Sunday, September 21, 2014

Student Loans Have Surged as Tuition Costs for Students Have Doubled ... While College Administrators Continue to Spend, Students, Parents and Taxpayers Will Get the Bill

In large part as a result of the Great Recession, Americans in general have begun to more closely monitor personal debt levels and that's a good thing.

Except for one huge exception, that is. And that outlier is the following --- outstanding debt for student loans has more than doubled since 2007, and that's a bad thing --- and a very bad thing at that.

Outstanding student debt has reached historic proportions and there is no relief in sight. The tuition and fees charged to attend college continue to rise at double the rate of inflation, even as state government subsidies fall. In other words, states are finished doling out subsidy money that they don't have, so students are getting loans from the federal government (even though the feds have no money to lend either). The result of all this shell game shuffling is to allow the colleges and their administrators to refrain from having to rein in or otherwise begin to control their bloated cost structures. It's a shame.

Household Net Worth Has Rebounded tells the story in brief:

"Seven years after households’ financial conditions began to deteriorate in 2007, their net worth is 20 percent higher than the prerecession peak. Real estate values have not completely recovered, but households have a lot more money in the bank and have profited from rising stock prices. Their total debt is little changed from prerecession levels, but the makeup of that debt has changed. Households owe less in mortgage and credit card debts, but auto loans are up and student loan debt has doubled. . . .

The decline in household debt is largely due to lower mortgage debt, particularly home equity loans. But consumer credit has continued to rise and now equals a record 19 percent of G.D.P.

That is largely because of the continued surge in student loan debt — an obligation concentrated in younger households and among those who are far from wealthy. It has more than doubled since 2007. In 2006, when the Fed began to report on student loan debt as a separate category, the debt totaled $509 billion, or 22 percent of total consumer debt. Now, it equals $1.3 trillion, a 40 percent share of consumer debt.

That is more than Americans owe either on credit card debts ($839 billion) or auto loans ($919 billion)."

{NOTE: In fact, the enormous debt levels attributable to outstanding student loans will ruin the future prospects, dreams, living standards and savings capabilities for far too many of today's young Americans.}

So here's another description of how it is playing out in Why Federal College Ratings Won't Rein In Tuition:    

"College costs have been rising for decades. Slowing — or even better, reversing — that trend would get more people into college and help reduce student debt. . . . First, consider public colleges (attended by about 80 percent of undergraduates), where tuition has grown faster than inflation for decades. From 1988 to 2013, average tuition at four-year public colleges more than doubled, even after adjusting for inflation.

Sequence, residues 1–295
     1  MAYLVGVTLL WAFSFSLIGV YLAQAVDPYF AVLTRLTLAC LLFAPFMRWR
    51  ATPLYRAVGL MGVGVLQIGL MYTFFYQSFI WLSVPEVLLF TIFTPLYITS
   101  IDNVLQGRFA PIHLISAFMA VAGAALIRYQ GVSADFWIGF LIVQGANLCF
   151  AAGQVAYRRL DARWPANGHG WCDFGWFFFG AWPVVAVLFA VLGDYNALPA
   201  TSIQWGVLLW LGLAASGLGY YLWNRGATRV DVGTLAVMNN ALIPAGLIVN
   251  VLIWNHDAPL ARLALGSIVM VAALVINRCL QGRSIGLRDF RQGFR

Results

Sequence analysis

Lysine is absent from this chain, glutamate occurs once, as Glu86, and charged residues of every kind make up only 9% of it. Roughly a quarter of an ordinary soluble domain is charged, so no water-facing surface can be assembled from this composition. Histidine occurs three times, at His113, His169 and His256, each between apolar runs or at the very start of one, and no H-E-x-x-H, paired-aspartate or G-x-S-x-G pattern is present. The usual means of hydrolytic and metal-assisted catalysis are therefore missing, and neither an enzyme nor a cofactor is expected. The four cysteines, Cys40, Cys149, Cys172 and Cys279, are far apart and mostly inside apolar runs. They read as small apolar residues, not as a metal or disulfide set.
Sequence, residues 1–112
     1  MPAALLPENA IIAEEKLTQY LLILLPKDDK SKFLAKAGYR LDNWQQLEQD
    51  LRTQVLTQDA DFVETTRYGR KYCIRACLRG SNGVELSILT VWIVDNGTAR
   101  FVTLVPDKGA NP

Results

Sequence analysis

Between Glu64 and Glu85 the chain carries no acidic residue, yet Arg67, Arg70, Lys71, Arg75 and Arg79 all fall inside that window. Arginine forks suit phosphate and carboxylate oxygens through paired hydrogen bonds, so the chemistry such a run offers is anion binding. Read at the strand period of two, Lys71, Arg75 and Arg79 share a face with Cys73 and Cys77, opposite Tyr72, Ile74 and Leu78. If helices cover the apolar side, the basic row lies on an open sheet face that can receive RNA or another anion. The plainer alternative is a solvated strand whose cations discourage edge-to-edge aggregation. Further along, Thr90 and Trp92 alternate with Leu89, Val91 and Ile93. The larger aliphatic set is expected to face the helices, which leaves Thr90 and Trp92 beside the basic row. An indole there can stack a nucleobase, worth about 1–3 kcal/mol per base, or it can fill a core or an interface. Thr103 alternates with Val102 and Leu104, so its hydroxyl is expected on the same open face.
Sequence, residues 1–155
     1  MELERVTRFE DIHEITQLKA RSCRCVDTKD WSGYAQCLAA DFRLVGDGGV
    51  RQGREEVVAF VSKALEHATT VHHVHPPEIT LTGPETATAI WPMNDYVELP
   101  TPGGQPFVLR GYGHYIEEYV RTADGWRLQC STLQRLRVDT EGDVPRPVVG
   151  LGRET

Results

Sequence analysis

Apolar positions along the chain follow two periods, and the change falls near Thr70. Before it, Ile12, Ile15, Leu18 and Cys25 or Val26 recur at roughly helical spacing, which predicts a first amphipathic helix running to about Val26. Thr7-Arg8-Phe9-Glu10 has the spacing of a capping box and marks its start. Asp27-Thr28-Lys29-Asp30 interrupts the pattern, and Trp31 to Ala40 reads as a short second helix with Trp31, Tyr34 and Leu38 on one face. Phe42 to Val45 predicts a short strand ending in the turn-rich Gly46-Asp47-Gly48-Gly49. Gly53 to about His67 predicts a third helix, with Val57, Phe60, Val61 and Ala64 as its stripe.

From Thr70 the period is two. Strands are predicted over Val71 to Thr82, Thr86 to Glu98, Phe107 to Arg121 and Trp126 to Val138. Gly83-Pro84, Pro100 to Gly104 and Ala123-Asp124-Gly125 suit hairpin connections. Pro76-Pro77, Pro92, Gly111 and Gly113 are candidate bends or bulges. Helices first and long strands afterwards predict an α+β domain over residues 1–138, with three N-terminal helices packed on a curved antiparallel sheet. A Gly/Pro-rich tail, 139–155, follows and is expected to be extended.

Yet here is a surprising fact: Public colleges are collecting about the same revenue per student today as they were 25 years ago. In 1988, educational revenue per full-time equivalent student at public colleges was $11,300; in 2013, it was $11,500. (These amounts are adjusted for inflation and are expressed in 2013 dollars.)

That’s just a 3 percent increase. How can this be? If tuition has doubled, shouldn’t public colleges be getting double the revenue?

To reconcile this paradox, we need some background on college finances. Public colleges depend on two sources of revenue for educating undergraduates: tuition from students and appropriations from their state legislatures. Top research institutions, like the University of Michigan and University of Virginia, also get revenue from endowments, research grants and teaching hospitals. But most students attend public schools where tuition and state funds pay for almost everything.

In 1988, state legislatures gave their public colleges an average of $8,600 a student. Students contributed an additional $2,700 in tuition, which gets us to a total of $11,300. By 2013, states were kicking in just $6,100, while students were contributing $5,400; this gets us to a total of $11,500. As far as students are concerned, public tuition has doubled. As far as public colleges are concerned, funding is flat.

At public colleges, then, the explanation for rising tuition prices isn’t spiraling costs. The costs are the same, but the burden of paying those costs has shifted from state taxpayers to students....

The bottom line is that better-informed consumers can’t do much to hold down prices in public colleges, because those prices are not set in a competitive market. Instead, they are determined through a political process, so it is only through the ballot box that people can affect them."

Summing Up

Tuition for students has doubled.

Individual states have cut back funding.

The federal government has increased student loans to make up the difference.

College costs are far too high, but colleges aren't cutting their bloated cost structures.

Students and their parents, as well as the nation's taxpayers generally, will get the bills as colleges fail to rein in costs. 

Sickening, isn't it?

More competition, genuinely lower college costs for student attendees and their families, fewer government handouts to college administrations, and an infinitely better deal for taxpayers and American society, anyone ?

That's my take.

Thanks. Bob.

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